Musical Beds: Round-Up of Coalition Talks One Week After Elections
Despite the popular perception of political rivalries, often depicted as hostile and incurable, a sampling of what's going on around the country after the October 20 elections shows that power dynamics are more colorful than might be expected.
Just half an hour after the election results came in, local Center Party leaders showed up at Reform's election party and a coalition agreement was reached, while IRL's phone calls went unanswered. It was a reaffirmation of the current coalition, and IRL was again left hanging.
On October 23, the citizens' election coalition Üks Hiiumaa and IRL reached a coalition agreement after rocky negotiations over the mayor's seat. Each group had won 6 seats on the council, with Üks Hiiumaa garnering 692 votes, slightly more than IRL. But IRL candidate Georg Linkov, who single-handedly received 426 votes, demanded nothing less than the mayor's seat, thus demoting Üks Hiiumaa's number one to the council chairmanship.
On October 25, another Center-Reform coalition was formed, with incumbent IRL mayor pushed out of power.
In Jõhvi, matters are not yet clear, with the winner of the election hoping to continue governing the city without a coalition, which would give the opposition a one-seat edge. The citizens' election coalition Jõhvi Heaks won 10 seats, Jõhvi Meie Kodu 6, the Social Dems 3 and Center 2.
Center once again dominated the election in this industrial northeastern city, taking 18 seats and leaving 3 for the Social Democrats.
The incumbent coalition was upset when IRL decided to switch out its traditional partner, sending the incumbent Reform Party mayor packing and bringing in the Social Democratic Party. The latter had collected the most votes as well, taking 8 out of 21 seats on the city council. The Social Democrats had increased their share of the 21-seat council from 1 to 8.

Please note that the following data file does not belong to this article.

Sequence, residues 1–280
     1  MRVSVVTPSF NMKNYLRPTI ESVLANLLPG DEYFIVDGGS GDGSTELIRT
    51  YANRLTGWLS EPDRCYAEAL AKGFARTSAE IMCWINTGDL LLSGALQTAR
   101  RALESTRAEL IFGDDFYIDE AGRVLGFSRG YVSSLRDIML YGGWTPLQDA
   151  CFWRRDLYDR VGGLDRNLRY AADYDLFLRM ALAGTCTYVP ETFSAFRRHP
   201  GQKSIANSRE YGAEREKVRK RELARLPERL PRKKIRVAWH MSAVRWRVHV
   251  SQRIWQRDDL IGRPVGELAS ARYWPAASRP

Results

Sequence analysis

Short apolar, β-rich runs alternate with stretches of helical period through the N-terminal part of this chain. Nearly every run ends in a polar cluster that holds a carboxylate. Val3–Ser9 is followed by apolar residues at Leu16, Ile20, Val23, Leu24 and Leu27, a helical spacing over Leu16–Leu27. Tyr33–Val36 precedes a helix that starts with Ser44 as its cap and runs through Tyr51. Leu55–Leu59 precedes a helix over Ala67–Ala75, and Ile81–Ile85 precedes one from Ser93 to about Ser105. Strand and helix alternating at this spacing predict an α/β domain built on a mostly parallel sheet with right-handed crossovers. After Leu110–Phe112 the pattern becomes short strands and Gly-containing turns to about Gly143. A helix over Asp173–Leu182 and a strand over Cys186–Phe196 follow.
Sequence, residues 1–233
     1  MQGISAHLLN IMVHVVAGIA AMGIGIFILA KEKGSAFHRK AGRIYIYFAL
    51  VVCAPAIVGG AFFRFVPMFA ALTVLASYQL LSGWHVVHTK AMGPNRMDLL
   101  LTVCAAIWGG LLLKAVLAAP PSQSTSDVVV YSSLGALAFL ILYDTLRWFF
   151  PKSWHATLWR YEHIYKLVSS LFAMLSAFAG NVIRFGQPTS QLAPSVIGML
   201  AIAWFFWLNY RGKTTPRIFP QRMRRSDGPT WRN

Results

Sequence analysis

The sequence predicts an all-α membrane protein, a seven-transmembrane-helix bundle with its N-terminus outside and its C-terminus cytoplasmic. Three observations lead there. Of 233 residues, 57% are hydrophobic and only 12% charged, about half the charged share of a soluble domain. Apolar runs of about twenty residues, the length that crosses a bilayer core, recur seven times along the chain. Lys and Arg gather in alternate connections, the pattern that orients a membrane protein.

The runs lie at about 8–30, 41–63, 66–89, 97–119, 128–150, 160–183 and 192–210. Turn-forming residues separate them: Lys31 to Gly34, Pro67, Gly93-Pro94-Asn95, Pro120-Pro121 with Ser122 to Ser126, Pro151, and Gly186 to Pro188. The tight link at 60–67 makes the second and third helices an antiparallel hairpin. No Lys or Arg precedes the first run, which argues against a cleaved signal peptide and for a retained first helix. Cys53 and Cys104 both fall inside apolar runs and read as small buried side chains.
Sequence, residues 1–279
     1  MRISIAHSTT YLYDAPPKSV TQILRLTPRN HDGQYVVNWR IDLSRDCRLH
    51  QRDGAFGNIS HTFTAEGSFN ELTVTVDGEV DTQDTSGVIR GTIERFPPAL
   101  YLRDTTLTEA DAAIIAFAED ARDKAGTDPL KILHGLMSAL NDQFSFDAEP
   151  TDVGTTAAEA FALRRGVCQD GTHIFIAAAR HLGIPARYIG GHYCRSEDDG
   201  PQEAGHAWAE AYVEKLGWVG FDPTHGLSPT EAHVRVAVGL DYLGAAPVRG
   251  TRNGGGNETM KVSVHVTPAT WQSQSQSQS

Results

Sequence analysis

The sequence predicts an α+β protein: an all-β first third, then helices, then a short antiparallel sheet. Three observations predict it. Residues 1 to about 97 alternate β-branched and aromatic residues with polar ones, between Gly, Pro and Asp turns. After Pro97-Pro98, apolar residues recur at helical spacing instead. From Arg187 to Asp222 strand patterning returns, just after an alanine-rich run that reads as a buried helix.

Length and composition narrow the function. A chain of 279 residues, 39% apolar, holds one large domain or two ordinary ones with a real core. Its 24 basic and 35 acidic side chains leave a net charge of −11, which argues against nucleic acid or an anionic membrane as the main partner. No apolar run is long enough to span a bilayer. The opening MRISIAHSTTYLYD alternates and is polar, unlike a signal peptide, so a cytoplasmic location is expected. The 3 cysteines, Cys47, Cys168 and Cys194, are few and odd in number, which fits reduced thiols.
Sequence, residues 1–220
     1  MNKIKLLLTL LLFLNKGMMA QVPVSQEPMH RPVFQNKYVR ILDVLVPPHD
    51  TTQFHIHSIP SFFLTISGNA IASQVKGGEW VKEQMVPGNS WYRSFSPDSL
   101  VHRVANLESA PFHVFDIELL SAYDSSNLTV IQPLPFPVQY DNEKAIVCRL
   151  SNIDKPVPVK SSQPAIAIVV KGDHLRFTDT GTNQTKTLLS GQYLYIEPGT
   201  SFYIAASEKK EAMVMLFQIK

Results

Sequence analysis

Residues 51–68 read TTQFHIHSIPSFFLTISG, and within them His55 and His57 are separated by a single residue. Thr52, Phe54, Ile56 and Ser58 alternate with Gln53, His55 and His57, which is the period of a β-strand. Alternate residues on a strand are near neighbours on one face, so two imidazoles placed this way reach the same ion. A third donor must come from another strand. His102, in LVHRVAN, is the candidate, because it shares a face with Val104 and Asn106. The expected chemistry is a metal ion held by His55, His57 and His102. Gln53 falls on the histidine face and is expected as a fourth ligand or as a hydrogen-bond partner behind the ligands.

Narva was another city where the Social Democrats made a breakthrough. Falling just below the 5 percent threshold needed to win seats in 2009, they grabbed 11 seats out of 31 this time around. Nevertheless, the Center Party continued its rule, albeit now with a healthy opposition.
The incumbent coalition IRL and Reform sealed a deal, leaving out the third-place Social Dems and fourth-place Center.
IRL voters from the farming regions around the town of 6,000 propelled the party to 31 percent of the vote. But Reform only has 2 seats, making it more likely that the Social Dems will team up with Center and local election coalitions.
The election coalition bearing the name of Toomas Kivimägi, the influential mayor, won a few seats fewer this time but it was considered unlikely that he would be odd man out. Talks are ongoing.
IRL, Reform and the Social Democrats formed a coalition, with IRL getting the mayor's post
Having won a single seat, Center tagged along with the IRL-Reform coalition. IRL received 11 seats and Reform 3, leaving the Social Democrats, with 8 seats, to be the only opposition party.
The Center Party won the most votes in the election but IRL, Social Dems and Reform teamed up.
IRL won the election in this semi-rural suburb of Tallinn which is the country's wealthiest municipality, but Reform teamed up with the Social Democrats and the Center Party.
IRL and Social Democrats will form the coalition, with IRL grabbing the mayoral spot away from Reform.
The popular vote went to the right-leaning Reform (1st place) and IRL (3rd), but Center and the Social Democrats teamed up with 2 votes from a local civic election coalition for 11 of the 21 seats.